Partners scale up aid and COVID-19 preparedness to over a million people in displacement sites
There are currently more than a million displaced people scattered in 1,600 makeshift sites (IDP sites) across Yemen. Internally displaced persons are among the most vulnerable and depend on humanitarian aid for survival. Living conditions in IDP sites are sub-standard as the population lacks access to basic services. Some IDPs are from marginalized groups, which can affect access to aid and opportunities.
To address these challenges and improve living conditions in IDP sites, the Camp Coordination and Camp Management (CCCM) Cluster was established in 2019. A CCCM Cluster report in January 2020 found that in 54 per cent of the 1,600 site locations, infectious diseases were among the most serious threat to the inhabitants, while 38 per cent reported water contamination and 32 per cent reported that evictions were the most serious threat. At the time there were pregnant and nursing women in 91 per cent of sites, elderly people in 83 per cent of sites, female-headed households and disabled people in 80 per cent of sites, and people with chronic diseases in 78 per cent of sites. The survey also found that in 39 per cent of sites, priority needs included food, health care, livelihood opportunities, site maintenance and access to clean water. The report findings have informed a coordinated and scaled up response across IDP sites with limited resources and ongoing access challenges due to the conflict.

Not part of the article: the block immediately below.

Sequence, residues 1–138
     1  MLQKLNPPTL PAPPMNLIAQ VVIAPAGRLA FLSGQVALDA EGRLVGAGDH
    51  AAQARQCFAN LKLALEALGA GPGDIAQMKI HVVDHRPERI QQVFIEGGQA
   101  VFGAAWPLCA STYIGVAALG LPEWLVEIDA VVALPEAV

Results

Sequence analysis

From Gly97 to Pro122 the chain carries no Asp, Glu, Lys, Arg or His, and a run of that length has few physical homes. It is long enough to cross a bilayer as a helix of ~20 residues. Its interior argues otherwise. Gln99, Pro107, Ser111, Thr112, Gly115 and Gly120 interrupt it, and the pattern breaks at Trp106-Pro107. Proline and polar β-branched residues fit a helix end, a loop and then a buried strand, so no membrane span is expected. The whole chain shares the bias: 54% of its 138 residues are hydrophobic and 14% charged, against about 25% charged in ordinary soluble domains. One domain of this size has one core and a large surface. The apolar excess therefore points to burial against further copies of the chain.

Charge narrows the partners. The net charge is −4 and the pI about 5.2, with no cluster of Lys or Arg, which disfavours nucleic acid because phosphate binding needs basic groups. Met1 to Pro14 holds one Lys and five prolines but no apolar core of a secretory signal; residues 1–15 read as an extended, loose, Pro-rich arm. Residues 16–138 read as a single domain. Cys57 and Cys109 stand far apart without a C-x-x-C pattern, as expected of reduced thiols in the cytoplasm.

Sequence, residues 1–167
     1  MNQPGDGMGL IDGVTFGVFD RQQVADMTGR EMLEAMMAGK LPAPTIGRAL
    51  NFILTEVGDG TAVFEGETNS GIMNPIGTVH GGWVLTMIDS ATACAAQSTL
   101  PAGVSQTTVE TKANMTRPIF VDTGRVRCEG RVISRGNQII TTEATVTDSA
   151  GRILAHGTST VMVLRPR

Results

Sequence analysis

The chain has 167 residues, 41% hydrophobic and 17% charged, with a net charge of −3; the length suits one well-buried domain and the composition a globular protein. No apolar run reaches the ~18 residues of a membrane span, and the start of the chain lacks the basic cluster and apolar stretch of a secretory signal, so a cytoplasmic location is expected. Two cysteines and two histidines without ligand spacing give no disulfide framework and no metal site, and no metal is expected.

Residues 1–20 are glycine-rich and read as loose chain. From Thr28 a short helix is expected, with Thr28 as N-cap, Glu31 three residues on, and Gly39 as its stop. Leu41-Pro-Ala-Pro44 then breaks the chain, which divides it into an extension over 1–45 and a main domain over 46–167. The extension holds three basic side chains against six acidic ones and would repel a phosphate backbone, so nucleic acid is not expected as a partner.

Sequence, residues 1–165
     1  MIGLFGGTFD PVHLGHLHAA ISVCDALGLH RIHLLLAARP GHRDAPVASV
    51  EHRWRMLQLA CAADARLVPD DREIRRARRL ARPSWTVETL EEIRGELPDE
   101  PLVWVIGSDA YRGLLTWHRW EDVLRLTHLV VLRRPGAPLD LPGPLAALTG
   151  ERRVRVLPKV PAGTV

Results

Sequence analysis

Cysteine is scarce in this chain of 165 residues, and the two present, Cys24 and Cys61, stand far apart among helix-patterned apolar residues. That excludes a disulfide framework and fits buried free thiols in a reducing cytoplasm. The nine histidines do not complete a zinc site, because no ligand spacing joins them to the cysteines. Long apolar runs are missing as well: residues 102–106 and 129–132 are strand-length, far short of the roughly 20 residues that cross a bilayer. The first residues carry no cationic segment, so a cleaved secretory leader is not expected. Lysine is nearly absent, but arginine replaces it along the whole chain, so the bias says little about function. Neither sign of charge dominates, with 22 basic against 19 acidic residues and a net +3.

With the lack of essential services at IDP sites, which accommodate large numbers of vulnerable people, communicable diseases pose a recurring threat. Should there be an outbreak of COVID-19 in any sites and this is not contained, then there would be a serious risk that it would spread fast and affect surrounding areas. In recent weeks, the CCCM Cluster has stepped up efforts to prepare for and be ready to suppress the spread of COVID-19 in IDP locations. This involved an integrated approach with the Health and WASH clusters in identifying areas at high risk, which are mainly those that host high numbers of elderly people and people with chronic conditions, and sites that lack access to clean water and health care services. The priority is to reduce the spread of the virus through scaling up awareness-raising activities, promoting preventive measures, shielding non-infected high-risk populations, and implementing isolation measures for suspected and confirmed cases at the sites. Distribution of hygiene kits, improving basic infrastructure, establishing community-based isolation options and setting up additional hand-washing stations for the most vulnerable are ongoing. Efforts to prepare for COVID-19 in IDP sites are hampered by a lack of funding.